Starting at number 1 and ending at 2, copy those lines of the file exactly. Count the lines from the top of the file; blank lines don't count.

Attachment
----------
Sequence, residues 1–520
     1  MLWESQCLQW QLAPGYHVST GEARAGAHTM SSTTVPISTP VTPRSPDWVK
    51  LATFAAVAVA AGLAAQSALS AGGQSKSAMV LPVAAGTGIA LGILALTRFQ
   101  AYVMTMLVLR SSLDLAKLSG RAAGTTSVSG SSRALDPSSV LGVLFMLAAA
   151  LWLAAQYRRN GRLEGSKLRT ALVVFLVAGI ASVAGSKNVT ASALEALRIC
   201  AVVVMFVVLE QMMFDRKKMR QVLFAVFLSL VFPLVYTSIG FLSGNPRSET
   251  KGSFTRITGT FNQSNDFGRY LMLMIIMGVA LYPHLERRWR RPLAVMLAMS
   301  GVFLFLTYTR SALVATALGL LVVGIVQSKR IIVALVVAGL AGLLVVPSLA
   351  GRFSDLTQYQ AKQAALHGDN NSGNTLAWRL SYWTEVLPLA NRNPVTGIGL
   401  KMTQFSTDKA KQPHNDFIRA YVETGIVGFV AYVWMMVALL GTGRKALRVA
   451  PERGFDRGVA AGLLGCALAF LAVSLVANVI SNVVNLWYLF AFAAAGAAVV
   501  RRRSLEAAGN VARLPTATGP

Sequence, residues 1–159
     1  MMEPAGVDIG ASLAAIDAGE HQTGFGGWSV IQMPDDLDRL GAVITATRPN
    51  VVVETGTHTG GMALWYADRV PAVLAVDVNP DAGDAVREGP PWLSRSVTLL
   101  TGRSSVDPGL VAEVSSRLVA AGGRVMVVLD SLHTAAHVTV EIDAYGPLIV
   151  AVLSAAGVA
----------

Sequence, residues 1–520
     1  MLWESQCLQW QLAPGYHVST GEARAGAHTM SSTTVPISTP VTPRSPDWVK